Don't repeat yourself. Applying DRY DRY vs WET solutions
W3C SVG Working Group. SVG is a widely-deployed royalty-free graphics format developed and maintained by the W3C SVG Working Group.
The SVG specification is an open standard developed by the World Wide Web Consortium (W3C) since 1999. SVG images and their behaviors are defined in XML text files. This means that they can be searched, indexed, scripted, and compressed. As XML files, SVG images can be created and edited with any text editor, but are more often created with drawing software. Comparison of layout engines (Scalable Vector Graphics) The following tables compare SVG compatibility and support for a number of layout engines.
Please see the individual products' articles for further information. Unless otherwise specified in footnotes, comparisons are based on the stable versions without any add-ons, extensions or external programs. Explanation of the tables Favicon. Wikipedia's favicon, shown in an older version of Firefox (from 2008) History In March 1999, Microsoft released Internet Explorer 5, which supported favicons for the first time. Originally, the favicon was a file called favicon.ico placed in the root directory (e.g., of a web site.
It was used in Internet Explorer's favorites (bookmarks) and next to the URL in the address bar if the page was bookmarked. A side effect was that the number of visitors who have bookmarked the page could be estimated by the requests of the favicon. This side effect no longer works, as all modern browsers load the favicon file to display in their web address bar, regardless of whether the site is bookmarked. Standardization Ajax (programming) Ajax is not a single technology, but a group of technologies.
20090106: The WebApps WG Drives DOM Specifications. The W3C Web Applications Working Group has taken over responsibility for the Document Object Model specifications, including a new revision of DOM Level 3 Events, a new DOM Core specification, and potentially any errata on older DOM specifications. Discussion can be directed to either the firstname.lastname@example.org or the email@example.com mailing lists. 20080122: The Document Object Model Activity is closed.
The Document Object Model Working Group was closed in the Spring of 2004, after the completion of the DOM Level 3 Recommendations. Several W3C Working Groups have since taken the lead in maintaining and continuing to develop standard APIs for the Web since then; HTML, SVG, CSS, or WebAPI being among them. Document Object Model. Hierarchy of objects in an example HTML DOM—Document Object Model Legacy DOM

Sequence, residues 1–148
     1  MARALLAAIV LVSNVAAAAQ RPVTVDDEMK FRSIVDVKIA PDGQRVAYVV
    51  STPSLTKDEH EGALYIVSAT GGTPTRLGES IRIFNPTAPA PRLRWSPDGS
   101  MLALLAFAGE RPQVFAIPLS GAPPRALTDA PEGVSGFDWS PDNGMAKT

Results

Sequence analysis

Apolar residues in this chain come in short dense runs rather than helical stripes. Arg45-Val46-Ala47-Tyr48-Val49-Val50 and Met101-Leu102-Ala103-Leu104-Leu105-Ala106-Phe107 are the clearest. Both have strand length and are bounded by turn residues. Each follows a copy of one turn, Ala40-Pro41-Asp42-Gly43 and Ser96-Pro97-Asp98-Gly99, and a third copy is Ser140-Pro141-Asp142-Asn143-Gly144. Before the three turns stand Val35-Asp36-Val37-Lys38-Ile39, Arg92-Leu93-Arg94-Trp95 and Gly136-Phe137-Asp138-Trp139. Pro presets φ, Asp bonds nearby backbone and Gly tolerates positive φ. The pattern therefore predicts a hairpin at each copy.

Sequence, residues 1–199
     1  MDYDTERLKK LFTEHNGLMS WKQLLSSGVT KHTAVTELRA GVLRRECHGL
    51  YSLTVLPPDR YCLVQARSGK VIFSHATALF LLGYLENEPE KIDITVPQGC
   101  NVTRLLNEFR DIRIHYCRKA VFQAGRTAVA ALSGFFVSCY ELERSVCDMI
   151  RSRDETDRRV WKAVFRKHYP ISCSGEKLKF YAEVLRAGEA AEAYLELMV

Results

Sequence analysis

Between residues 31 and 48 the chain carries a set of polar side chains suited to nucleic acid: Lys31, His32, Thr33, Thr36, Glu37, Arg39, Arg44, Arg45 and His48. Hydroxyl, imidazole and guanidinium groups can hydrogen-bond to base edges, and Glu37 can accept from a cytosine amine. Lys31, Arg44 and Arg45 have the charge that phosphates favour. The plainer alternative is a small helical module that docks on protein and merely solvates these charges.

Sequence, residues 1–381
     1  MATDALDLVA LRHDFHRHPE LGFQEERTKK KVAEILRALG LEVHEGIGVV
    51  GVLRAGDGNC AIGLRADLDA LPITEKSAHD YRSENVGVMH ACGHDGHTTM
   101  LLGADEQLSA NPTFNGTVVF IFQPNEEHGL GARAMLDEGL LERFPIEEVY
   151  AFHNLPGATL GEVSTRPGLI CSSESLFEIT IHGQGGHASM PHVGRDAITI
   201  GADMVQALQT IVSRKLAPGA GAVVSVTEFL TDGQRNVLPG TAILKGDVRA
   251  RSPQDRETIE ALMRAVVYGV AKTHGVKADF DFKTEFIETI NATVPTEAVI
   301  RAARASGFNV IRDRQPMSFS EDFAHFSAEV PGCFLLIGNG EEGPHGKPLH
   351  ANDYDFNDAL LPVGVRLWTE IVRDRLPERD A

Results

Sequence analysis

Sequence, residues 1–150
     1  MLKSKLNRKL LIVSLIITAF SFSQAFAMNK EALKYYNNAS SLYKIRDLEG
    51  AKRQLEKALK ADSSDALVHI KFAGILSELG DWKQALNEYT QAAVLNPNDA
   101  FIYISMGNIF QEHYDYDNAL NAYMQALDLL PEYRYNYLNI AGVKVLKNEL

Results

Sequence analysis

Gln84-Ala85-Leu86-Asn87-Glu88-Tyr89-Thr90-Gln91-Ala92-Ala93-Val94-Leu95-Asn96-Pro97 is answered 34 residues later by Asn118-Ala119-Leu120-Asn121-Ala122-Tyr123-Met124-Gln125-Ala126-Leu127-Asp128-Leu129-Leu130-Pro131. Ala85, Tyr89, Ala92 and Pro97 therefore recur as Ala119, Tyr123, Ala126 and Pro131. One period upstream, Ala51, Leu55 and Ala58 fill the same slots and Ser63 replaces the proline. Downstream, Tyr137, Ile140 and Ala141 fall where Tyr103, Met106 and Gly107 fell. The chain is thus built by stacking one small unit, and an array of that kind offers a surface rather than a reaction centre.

XMLHttpRequest Level 2. Abstract The XMLHttpRequest specification defines an API that provides scripted client functionality for transferring data between a client and a server.
"Cross-domain" AJAX requests are forbidden by default because of their ability to perform advanced requests (POST, PUT, DELETE and other types of HTTP requests, along with specifying custom HTTP headers) that introduce many security issues as described in cross-site scripting. How CORS works The CORS standard describes new HTTP headers which provide browsers and servers a way to request remote URLs only when they have permission.  Web browser. A web browser (commonly referred to as a browser) is a software application for retrieving, presenting and traversing information resources on the World Wide Web. An information resource is identified by a Uniform Resource Identifier (URI/URL) and may be a web page, image, video or other piece of content. Hyperlinks present in resources enable users easily to navigate their browsers to related resources. Although browsers are primarily intended to use the World Wide Web, they can also be used to access information provided by web servers in private networks or files in file systems.
History. Web browser engine. A web browser engine (sometimes called layout engine or rendering engine) is a software component that takes marked up content (such as HTML, XML, image files, etc.) and formatting information (such as CSS, XSL, etc.) and displays the formatted content on the screen. It draws on the content area of a window, which is displayed on a monitor or a printer. A layout engine is typically embedded in web browsers, e-mail clients, e-book readers, on-line help systems or other applications that require the displaying (and editing) of web content. Engines may wait for all data to be received before rendering a page, or may begin rendering before all data is received.
Comparison of web browser engines. Usage share as of 2013 by percent of layout engines/web browsers. User agent. User agent identification Web application. Single-page application. History The origins of the term single-page application are unclear, though the concept was discussed at least as early as 2003. Stuart Morris, a programming student at Cardiff University, Wales wrote the Self-Contained website at slashdotslash.com with the same goals and functions in April 2002, and later the same year Lucas Birdeau, Kevin Hakman, Michael Peachey and Clifford Yeh described a single-page application implementation in US patent 8,136,109.